The Bioinformatics Program accepted its first students in 2001, establishing itself as one of the first Bioinformatics programs in the nation. Bioinformatics at the University of Michigan is housed in the Department of Computational Medicine and Bioinformatics (DCM&B), an interdisciplinary center whose mission is to catalyze research and teaching on biomedical problems where quantitative and computational methods can be of decisive value.
The Department of Biological Chemistry at the University of Michigan Medical School has played a prominent role in the development of the subject of biochemistry. The department dates from the appointment in the early 1900s of Dr. Victor Vaughan as the first professor of biochemistry in a medical school in the United States. Dr. Vaughan was an early member of the National Academy of Sciences and a founder of the Journal of Biological Chemistry.
The Biophysics graduate program is positioned at the interface between the physical and life sciences, bringing cutting edge methodologies and physical concepts to the study of basic biological processes and disease. A major goal of biophysics to elucidate the hidden principles that link molecular, cellular and organismal structure to robust biological function. In pursuit of this goal, our faculty members lead a diverse collection of research programs combining quantitative methods, including spectroscopy, single-molecule imaging, and multi-scale computational modeling, with tools from cell biology, biochemistry, molecular genetics, and bioinformatics to address questions at the forefront of basic biological and biomedical science.
The Cancer Biology program spans many disciplines, including cell biology, genetics, biochemistry, microbiology, pharmacology, pathology, epidemiology, bioinformatics, and immunology, to name a few. It represents a unique set of training and educational activities that, taken collectively, expose the student to the full breadth of cancer biology while allowing immersion in a specific dissertation topic of the student’s choice.
The Graduate Program in Cell & Developmental Biology (CDB) provides outstanding doctoral training in fundamental aspects of cell and developmental biology, ranging from stem cells to regenerative medicine and organogenesis to cancer biology. Research activities in CDB place a strong emphasis on quantitative and computational skills, and involve a broad array of model systems. CDB graduate students thus receive rigorous and comprehensive training and are integral members of a highly collaborative and collegial environment.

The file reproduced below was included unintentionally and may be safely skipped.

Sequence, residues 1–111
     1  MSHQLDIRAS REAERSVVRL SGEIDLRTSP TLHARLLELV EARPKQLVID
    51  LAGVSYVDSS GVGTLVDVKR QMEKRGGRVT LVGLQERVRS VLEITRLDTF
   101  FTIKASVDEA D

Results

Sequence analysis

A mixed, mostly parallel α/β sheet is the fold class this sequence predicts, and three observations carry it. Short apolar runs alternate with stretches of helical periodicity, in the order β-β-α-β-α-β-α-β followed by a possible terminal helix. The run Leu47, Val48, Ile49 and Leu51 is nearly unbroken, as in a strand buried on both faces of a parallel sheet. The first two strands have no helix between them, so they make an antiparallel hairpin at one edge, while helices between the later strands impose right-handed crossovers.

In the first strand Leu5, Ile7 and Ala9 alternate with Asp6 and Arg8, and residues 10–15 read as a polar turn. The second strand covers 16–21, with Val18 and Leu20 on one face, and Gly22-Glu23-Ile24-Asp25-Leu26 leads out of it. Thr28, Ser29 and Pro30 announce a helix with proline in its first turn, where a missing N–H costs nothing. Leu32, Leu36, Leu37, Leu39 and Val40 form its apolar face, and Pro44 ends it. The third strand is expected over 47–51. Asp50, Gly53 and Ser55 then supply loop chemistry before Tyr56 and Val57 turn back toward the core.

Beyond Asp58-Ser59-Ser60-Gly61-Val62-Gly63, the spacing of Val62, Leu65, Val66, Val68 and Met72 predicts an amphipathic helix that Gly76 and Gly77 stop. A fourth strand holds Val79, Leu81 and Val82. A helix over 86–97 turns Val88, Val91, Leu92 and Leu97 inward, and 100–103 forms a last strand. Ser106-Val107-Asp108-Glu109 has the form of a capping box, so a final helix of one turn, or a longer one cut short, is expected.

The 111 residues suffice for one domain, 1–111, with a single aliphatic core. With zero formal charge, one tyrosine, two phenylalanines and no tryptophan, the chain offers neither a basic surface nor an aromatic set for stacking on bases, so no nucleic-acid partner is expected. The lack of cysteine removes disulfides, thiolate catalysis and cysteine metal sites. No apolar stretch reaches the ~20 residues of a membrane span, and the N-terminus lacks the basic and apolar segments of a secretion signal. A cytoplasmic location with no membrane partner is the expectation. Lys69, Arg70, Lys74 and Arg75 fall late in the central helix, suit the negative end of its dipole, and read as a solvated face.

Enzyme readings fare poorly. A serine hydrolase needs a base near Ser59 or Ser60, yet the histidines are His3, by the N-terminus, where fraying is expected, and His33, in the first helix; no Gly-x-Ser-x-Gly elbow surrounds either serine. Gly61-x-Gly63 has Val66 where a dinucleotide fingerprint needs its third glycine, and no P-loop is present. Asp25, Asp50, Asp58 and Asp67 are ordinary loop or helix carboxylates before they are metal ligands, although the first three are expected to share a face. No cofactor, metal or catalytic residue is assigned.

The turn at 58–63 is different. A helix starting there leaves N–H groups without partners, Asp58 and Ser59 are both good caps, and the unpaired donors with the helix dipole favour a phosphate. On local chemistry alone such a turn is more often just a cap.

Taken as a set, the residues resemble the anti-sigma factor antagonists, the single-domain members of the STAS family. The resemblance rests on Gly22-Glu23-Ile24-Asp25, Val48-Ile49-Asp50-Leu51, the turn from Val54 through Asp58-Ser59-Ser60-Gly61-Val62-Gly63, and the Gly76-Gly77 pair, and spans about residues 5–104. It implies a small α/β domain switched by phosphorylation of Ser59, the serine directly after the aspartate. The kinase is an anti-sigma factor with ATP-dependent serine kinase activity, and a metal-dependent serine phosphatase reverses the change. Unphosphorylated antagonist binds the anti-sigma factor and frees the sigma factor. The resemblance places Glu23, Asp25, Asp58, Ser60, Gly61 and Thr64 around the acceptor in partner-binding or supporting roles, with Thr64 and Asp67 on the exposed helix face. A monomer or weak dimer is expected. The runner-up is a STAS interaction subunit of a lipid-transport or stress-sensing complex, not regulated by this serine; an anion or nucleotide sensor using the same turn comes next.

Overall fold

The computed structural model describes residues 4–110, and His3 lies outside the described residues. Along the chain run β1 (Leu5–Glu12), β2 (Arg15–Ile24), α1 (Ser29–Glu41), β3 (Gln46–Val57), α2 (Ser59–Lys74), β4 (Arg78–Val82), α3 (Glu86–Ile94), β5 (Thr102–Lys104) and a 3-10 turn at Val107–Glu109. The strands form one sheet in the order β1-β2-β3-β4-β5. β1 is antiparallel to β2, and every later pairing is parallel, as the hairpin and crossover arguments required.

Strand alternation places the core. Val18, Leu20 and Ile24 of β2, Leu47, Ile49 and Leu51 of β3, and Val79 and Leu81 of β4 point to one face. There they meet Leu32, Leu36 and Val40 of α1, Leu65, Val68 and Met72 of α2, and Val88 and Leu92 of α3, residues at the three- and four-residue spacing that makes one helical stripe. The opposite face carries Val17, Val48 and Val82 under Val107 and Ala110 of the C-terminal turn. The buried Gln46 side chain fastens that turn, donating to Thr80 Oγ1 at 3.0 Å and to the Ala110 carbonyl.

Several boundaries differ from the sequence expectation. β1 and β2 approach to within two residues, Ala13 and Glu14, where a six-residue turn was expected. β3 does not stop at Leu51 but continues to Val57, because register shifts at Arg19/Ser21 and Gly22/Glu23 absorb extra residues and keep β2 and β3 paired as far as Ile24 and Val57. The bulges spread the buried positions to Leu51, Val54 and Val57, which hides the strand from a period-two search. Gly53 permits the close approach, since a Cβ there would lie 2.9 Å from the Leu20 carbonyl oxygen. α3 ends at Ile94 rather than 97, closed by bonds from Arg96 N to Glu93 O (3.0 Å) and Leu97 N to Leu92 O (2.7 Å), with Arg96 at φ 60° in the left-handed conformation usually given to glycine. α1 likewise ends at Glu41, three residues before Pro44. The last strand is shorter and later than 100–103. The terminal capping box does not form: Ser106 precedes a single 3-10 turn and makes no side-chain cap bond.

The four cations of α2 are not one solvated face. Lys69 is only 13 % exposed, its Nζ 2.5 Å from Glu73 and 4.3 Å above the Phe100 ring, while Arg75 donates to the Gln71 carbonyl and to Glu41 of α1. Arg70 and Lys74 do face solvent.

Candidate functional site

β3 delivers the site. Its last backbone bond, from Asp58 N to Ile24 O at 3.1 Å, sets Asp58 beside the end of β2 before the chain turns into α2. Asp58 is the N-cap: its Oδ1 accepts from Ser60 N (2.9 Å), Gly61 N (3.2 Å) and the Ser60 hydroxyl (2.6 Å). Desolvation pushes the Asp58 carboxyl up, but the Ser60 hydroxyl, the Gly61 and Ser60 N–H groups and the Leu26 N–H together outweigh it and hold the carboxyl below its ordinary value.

The CMB Program has been an integrative force that aims to tie together the various disciplines of genetics, biochemistry, microbiology, immunology, cell biology and others. The goal of CMB is to train our students to examine scientific problems from many perspectives through individualized, flexible programs of coursework and research.
The graduate program in Genetics and Genomics is housed within the Department of Human Genetics at the University of Michigan, which was founded by Dr. James V. Neel in 1956 and was the first human genetics department in the United States. The initial focus of the department was human heredity, and this view has grown in breadth and depth through the genomic and post-genomic eras.
The goal of the doctoral Program in Immunology at the University of Michigan is to train future leaders at the forefront of molecular and cellular immunology. Furthermore, our objective is to guide and prepare students for cutting-edge research in immunology while equipping them broadly to address scientific questions from multiple perspectives.
As one of the earliest departments of its kind in the nation, the Department of Microbiology and Immunology has evolved from more than a century of pioneering excellence. Collectively, we conduct research in microbial pathogenesis using the tools of molecular biology, genetic screens, cell culture, models of infection, molecular imaging, transgenic animals, and bioinformatics.
The goal of the MCDB graduate program is to provide a solid foundation of scientific knowledge and technical skills that will mature our students into independent scientists while also providing enough flexibility to allow students to develop and explore their own research interests.
The Molecular and Cellular Pathology Graduate Program is situated in the Department of Pathology and takes advantage of its unique position in a department that bridges basic and clinical sciences to encourage interdisciplinary projects and interdepartmental cooperation.
Our department has a storied history and a strong tradition for outstanding leadership in teaching, research and graduate education. Our graduate program has extensive opportunities for student interaction with faculty, departmental participation, and the development of leadership and teaching skills.
The Neuroscience Graduate Program at the University of Michigan was constituted in 1971, making it the longest-standing neuroscience training program in the United States. The Program is interdisciplinary and inter-departmental with faculty and students located in the Medical School, the College of Literature, Arts, and Sciences, the Dental School, the School of Kinesiology, and the College of Engineering.
Our department has awarded more Ph.D. degrees in pharmacology than any other American university. Our graduates have made a major impact on the field of pharmacology. Among our alums are many pharmaceutical company executives, research directors and senior scientists; directors of government research labs; and recognized chairs and faculty in academia with reputations for both excellent research and teaching.